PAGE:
750 State Rd, Dartmouth, MA 02747  •  Phone: 508-996-3731 • Fax: 508-996-3750 • Email
Mon.-Fri. 8am-8pm; Sat. 8am-5pm; Sun. 10a-4pm • Closed Major Holidays

Raw Food Diet

The following was excerpted from an article published in the Massachusetts Veterinary Medical Association Newsletter earlier this year.

In recent years, raw food diets have become popular among certain pet owners. Many veterinarians believe that raw diets are not only inferior but can also be dangerous for our pets.

Recently Dr. Lisa Freeman, a veterinarian who is a board certified veterinary nutritionist, discussed raw food diets at a Public Health and Communicable Disease Discussions – Raw Meats Diets. She recommends that raw food diets should not be fed. She gives four reasons not to feed these diets.

  1. Nutritional imbalance:
    Dr.Freeman and another board certified veterinary nutritionist studied all five commercially available raw diets and homemade raw diets. They found all of the diets to be nutritionally deficient. These imbalances (both deficiencies and excesses) could put a pet at risk for health problems, especially growing puppies.
  2. Physical dangers:
    Pets fed these diets are at risk for broken teeth and gastrointestinal obstruction or perforation created by bones incorporated in some of these diets.
  3. Bacterial contamination:
    There is increasing evidence and significant concern about the bacteria in raw food diets including E coli and Salmonella. The risk of exposure exists for pets eating these diets, people handling these diets, and people exposed to pets which eat raw food diets. Studies have shown that 20% – 80% of raw food diets are contaminated with Salmonella. A 2007 study demonstrated that dogs fed one feeding of Salmonella contaminated raw diet shed the bacteria in their stool for up to 7 days after consuming the contaminated diet. Salmonella can cause serious or even fatal infections in both pets and people.
  4. Misconceptions:
    Many proponents will claim nearly miraculous benefits of raw diets, yet many of the perceived benefits may be due to factors other than the raw form. For example owners often feel that their pet’s coat is shinier on raw diets. This observation may be true and probably is the result the high fat content in most of these diets. However this can also be accomplished with cooked diets which also have higher fat contents.

Top Ten Myths about Raw Meat Diets

  1. “Their benefits are proven.” No scientific studies have shown benefits of raw food diets. Their appeal is based on word of mouth, testimonials, and perceived benefits. For example, raw food diets may result in a shiny coat and small stools because they are generally high in fat and digestibility. However, these same properties can be achieved with commercial cooked diets without the risks of raw meat diets.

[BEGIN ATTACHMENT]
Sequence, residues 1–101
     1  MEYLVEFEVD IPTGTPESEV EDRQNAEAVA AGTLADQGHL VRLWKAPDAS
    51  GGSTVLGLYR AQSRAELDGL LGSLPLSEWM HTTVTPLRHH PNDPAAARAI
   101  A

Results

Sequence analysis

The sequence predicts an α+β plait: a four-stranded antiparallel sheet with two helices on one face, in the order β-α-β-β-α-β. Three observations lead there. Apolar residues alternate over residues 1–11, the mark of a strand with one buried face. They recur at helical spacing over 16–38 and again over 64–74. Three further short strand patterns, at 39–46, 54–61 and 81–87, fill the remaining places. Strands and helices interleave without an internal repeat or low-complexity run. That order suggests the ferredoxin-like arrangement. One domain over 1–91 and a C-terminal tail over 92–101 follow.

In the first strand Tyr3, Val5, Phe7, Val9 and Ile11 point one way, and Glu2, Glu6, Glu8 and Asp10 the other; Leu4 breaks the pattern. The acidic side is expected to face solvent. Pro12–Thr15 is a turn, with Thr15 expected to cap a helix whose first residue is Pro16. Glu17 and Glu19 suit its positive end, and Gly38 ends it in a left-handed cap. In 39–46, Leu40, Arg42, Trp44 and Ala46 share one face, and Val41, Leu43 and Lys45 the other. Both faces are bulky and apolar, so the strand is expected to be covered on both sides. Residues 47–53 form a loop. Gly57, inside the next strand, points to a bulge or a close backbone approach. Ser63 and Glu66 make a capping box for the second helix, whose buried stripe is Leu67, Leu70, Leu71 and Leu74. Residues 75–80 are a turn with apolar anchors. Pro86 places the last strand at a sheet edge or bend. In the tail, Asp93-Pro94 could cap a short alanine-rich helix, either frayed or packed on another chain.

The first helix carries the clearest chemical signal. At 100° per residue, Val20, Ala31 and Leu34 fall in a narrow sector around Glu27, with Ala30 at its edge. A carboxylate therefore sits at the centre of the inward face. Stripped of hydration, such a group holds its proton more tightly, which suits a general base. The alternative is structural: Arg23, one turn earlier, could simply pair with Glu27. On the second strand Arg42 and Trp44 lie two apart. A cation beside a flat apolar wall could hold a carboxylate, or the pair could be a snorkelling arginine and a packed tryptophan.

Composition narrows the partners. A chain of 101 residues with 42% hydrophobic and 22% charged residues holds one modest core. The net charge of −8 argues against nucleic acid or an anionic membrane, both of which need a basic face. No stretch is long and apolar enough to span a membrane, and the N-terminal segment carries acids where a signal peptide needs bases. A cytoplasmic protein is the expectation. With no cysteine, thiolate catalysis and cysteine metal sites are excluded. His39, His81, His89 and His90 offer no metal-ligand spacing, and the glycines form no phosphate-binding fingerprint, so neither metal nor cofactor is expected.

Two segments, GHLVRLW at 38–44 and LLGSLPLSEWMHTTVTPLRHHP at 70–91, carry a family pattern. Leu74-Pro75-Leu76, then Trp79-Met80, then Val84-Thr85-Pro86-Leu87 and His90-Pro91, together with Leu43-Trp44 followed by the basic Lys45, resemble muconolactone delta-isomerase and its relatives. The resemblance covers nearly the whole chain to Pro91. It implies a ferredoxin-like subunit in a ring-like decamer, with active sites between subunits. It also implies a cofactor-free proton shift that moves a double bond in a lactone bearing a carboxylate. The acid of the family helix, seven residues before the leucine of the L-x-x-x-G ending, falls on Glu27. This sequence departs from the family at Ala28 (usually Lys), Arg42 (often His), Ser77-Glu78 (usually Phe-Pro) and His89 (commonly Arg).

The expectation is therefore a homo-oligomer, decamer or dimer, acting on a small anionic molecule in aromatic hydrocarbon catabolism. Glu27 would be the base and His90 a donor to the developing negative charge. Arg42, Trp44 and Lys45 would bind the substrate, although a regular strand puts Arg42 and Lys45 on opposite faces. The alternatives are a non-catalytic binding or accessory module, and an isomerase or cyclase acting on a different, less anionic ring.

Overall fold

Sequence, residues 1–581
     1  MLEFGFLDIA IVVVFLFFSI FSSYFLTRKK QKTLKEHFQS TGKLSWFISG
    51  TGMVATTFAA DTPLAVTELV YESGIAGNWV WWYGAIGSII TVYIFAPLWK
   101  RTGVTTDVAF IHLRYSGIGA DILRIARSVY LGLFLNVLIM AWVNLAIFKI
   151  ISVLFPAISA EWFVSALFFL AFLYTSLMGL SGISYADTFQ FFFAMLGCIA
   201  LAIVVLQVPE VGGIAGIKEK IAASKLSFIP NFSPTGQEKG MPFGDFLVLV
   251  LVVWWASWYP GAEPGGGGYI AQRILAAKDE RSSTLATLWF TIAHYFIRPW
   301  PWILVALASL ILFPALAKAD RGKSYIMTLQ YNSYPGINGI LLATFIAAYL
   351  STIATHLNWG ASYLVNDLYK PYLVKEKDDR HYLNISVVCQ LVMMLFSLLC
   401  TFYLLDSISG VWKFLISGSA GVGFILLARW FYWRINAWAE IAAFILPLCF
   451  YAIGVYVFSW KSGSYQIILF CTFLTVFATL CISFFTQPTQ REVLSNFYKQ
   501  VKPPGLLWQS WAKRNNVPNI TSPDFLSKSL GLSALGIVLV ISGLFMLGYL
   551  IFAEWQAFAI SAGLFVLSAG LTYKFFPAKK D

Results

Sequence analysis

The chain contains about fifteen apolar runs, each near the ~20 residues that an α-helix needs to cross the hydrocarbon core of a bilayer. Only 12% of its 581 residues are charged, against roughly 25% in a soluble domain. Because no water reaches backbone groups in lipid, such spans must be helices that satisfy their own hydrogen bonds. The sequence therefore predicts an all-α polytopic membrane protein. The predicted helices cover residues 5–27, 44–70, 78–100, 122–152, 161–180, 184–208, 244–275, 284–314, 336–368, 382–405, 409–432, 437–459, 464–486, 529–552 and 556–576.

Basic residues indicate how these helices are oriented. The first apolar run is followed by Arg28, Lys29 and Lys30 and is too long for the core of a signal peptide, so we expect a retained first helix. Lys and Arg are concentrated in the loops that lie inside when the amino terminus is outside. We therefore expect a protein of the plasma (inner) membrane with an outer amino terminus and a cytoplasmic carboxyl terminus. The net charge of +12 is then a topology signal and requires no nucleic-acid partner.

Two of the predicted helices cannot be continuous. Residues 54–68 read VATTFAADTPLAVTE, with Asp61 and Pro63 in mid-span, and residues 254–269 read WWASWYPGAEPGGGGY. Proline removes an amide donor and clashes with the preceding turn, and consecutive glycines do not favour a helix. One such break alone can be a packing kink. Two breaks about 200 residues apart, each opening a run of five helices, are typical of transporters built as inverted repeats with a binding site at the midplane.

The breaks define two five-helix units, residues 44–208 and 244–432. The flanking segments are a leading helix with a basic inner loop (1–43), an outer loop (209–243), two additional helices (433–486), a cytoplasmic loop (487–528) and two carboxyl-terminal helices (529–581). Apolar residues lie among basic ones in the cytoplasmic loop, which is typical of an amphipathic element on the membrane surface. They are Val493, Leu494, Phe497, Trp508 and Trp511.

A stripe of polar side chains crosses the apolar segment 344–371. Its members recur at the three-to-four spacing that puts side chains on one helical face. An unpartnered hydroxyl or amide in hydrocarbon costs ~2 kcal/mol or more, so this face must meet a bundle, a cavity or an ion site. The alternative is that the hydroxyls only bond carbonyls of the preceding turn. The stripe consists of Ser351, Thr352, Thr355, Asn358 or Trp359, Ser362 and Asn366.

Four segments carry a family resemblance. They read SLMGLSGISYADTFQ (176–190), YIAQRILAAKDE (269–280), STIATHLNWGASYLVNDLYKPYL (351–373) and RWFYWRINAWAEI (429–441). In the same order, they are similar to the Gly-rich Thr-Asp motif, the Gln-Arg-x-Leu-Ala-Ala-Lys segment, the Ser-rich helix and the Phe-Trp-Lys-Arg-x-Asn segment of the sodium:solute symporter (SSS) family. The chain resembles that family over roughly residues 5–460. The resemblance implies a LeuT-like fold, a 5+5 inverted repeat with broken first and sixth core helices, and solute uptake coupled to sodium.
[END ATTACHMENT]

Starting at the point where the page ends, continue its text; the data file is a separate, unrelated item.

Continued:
2. “This is what animals eat in the wild.” Wolves in the wild do eat raw meat (in addition to berries, plants, etc). However, the average lifespan for a wolf in the wild is only a few years. Therefore, what is nutritionally “optimal” for a wolf is not optimal for our pets that we hope will live long and healthy lives.
  3. “Dogs and cats have short gastrointestinal tracts so won’t get infections from Salmonella in raw meat diets.” Dogs’ and cats’ gastrointestinal tracts are not shorter compared to people when viewed in proportion to their smaller body size. Dogs and cats can become infected with Salmonella and other bacteria found in raw meat diets, just as people can (especially young, old, or immune suppressed individuals).
  4. “Raw food diet ingredients are human grade.” Even meats purchased at the best of stores for people can be infected with bacteria, so purchasing “human grade” does not protect against the health risks of uncooked meats (would you eat raw hamburger?). Also, be aware that the term “human grade” has no legal definition for pet food.
  5. “Freezing raw diets kills bacteria.” Most of the bacteria found in raw meat diets can easily survive freezing.
  6. “As long as bones are raw, they’re safe.” Bones, whether raw or cooked, can fracture dogs’ and cats’ teeth. Bone also can block or tear the esophagus, stomach, or intestine.
  7. “Cooking destroys enzymes needed for digestion.” All the enzymes that dogs and cats (and people) need for digestion are already in the gastrointestinal tract. Therefore, additional enzymes from food are not required for digestion. In fact, enzymes are proteins, so any enzymes that are eaten get broken down by the body and have no benefit in the digestion process.
  8. “Grains are added to pet foods as fillers.” Corn, oats, rice, barley, and other grains are healthy ingredients that contain protein, vitamins, and minerals; they are not added as fillers. There is no benefit of potatoes, sweet potatoes, peas, or oatmeal compared to other carbohydrate sources, unless the animal has specific health problems.
  9. “Most commercial pet foods contain harmful ingredients.” By-products. By-products are the animal parts that Americans don’t typically eat, such as livers, kidneys, or lungs. There are specific definitions for what by-products can and cannot include. For example, by-products must be the clean parts of slaughtered animals and cannot include feathers, hair, horns, teeth, and hooves. Basically, by-products are anything other than animal muscle. Note that some pet foods may actually list these ingredients (e.g., duck liver, beef lung) but these are really just “by-products.”
  10. “If bones or chicken necks are added to raw meat diets, they’re nutritionally balanced.” Most homemade (and even some commercial) raw meat diets are extremely deficient in calcium and a variety of other nutrients, even if chicken necks, bones, or egg shells are added. This can be disastrous in any animal but especially in young, growing pets.